Protecting Volunteer Firefighters and Emergency Responders Actby Representative Lou Barletta
Posted on 2015-01-12
BARLETTA. Thank you, Mr. Chairman.
Mr. Speaker, I rise today in support of my bill, H.R. 33, the Protecting Volunteer Firefighters and Emergency Responders Act.
This is a good, truly bipartisan bill that protects our first responders, our volunteer firefighters, and emergency services personnel. It protects them by ensuring that they are not considered employees under the employer mandate provision of ObamaCare.
If they were, some fire companies would be forced to pay for the volunteers' health insurance or pay a fine, driving many fire departments out of business. As a former mayor, I know how important volunteer fire companies are to the health and safety of a community. Simply put, this is a public safety issue.
I first learned about this issue from a volunteer firefighter, Bob Timko, back home, and I began a crusade to clear this up for volunteer firefighters and localities and the residents of Pennsylvania and every other State.
As you know, the employer mandate of ObamaCare kicks in for employers with 50 or more employees. Now, some fire companies may hear about this and immediately think, ``Well, we only have 25 volunteers, so we are safe. We don't have 50.'' That may not necessarily be the case. Some fire companies are considered part of their local government. If you take the number of firefighters, paid and unpaid, and add them to the number of other public employees, such as highway workers, police, code enforcement officers, health officers, and clerical workers, you can easily reach 50, even in a small town.
This would be a very big deal in my home State of Pennsylvania, where 97 percent of our fire companies are either completely or mostly volunteers. Nationally, almost 92 percent of fire companies use at least some volunteers, and over 86 percent depend on all or mostly volunteers.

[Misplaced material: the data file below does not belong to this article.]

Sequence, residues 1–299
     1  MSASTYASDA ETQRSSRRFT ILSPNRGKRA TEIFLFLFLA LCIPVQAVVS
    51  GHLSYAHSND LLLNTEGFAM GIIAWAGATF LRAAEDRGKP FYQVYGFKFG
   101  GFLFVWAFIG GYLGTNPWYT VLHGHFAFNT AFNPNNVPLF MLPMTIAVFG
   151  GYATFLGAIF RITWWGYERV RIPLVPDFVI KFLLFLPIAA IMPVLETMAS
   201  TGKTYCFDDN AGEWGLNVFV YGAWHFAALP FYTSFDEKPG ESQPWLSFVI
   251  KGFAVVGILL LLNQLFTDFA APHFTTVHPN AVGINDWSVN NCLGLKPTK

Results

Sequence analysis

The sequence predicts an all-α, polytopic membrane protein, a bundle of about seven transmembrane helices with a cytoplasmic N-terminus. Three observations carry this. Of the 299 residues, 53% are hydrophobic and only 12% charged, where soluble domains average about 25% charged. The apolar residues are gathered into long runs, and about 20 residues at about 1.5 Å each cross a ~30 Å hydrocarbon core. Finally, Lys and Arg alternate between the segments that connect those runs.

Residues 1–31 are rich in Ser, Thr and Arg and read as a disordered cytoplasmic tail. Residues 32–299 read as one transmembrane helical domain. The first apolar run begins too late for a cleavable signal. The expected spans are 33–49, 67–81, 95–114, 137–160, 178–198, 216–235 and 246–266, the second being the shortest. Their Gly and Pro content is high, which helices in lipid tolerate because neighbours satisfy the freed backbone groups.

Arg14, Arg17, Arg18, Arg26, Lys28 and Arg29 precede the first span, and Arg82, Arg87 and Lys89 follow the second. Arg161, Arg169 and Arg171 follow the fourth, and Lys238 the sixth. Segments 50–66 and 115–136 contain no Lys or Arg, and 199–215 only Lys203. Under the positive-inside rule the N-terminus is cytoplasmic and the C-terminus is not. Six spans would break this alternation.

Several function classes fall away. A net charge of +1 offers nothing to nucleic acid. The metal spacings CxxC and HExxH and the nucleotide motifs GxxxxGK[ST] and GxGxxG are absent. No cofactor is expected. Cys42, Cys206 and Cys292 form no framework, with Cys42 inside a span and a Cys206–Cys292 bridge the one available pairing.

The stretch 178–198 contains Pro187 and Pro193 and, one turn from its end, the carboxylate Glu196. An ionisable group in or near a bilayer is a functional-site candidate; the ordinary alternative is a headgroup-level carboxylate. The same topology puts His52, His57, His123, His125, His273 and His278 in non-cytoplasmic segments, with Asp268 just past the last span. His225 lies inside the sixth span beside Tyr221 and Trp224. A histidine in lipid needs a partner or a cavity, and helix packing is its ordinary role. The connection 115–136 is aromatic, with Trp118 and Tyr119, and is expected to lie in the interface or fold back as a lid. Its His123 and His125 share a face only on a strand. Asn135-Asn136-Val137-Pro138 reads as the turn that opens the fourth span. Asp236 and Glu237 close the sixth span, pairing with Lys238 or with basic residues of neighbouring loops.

Those numbers come from the 2012 National Fire Department Census conducted by the United States Fire Administration. If your district is like mine, then volunteer firefighters are ingrained in your community.
We won an initial battle on this issue. After I raised it with the IRS and brought pressure to bear through this legislation, they finally relented and changed their rules regarding the Federal tax status of volunteer firefighters.
However, this is too important of a public safety issue to be left to the changing positions of unelected Federal bureaucrats at the IRS. Their arbitrary regulatory guidance could easily be changed back.
Our people back home deserve better. We owe our emergency service volunteers, who risk their lives every day, rock-solid certainty. This legislation says, once and for all, that volunteer firefighters are just that--volunteers--and should not be subjected to the employer mandate. It takes away the power of the IRS to change the rules.
I want to thank my colleagues on both sides of the aisle for their continued support. Last year, this bill passed the Ways and Means Committee by a strong bipartisan vote of 37-0, and it passed the House by a very rare unanimous vote of 410-0. Not one single Member, Republican or Democrat, opposed it.
I want to thank Speaker Boehner, Majority Leader McCarthy, Majority Whip Scalise, the Ways and Means Committee, and their staffs. We all recognize that my bill is a simple, bipartisan solution to an unforeseen consequence of the President's health care law.
This bill has the strong support of the National Volunteer Fire Council, the International Association of Fire Chiefs, and the Congressional Fire Services Institute. I want to thank my partners, as well as the men and women they represent, for their help.
To be clear, forcing volunteer fire companies to comply with ObamaCare will not extend health insurance to the uninsured; rather, it will close firehouses, placing people at risk.
I strongly urge the passage of this bill.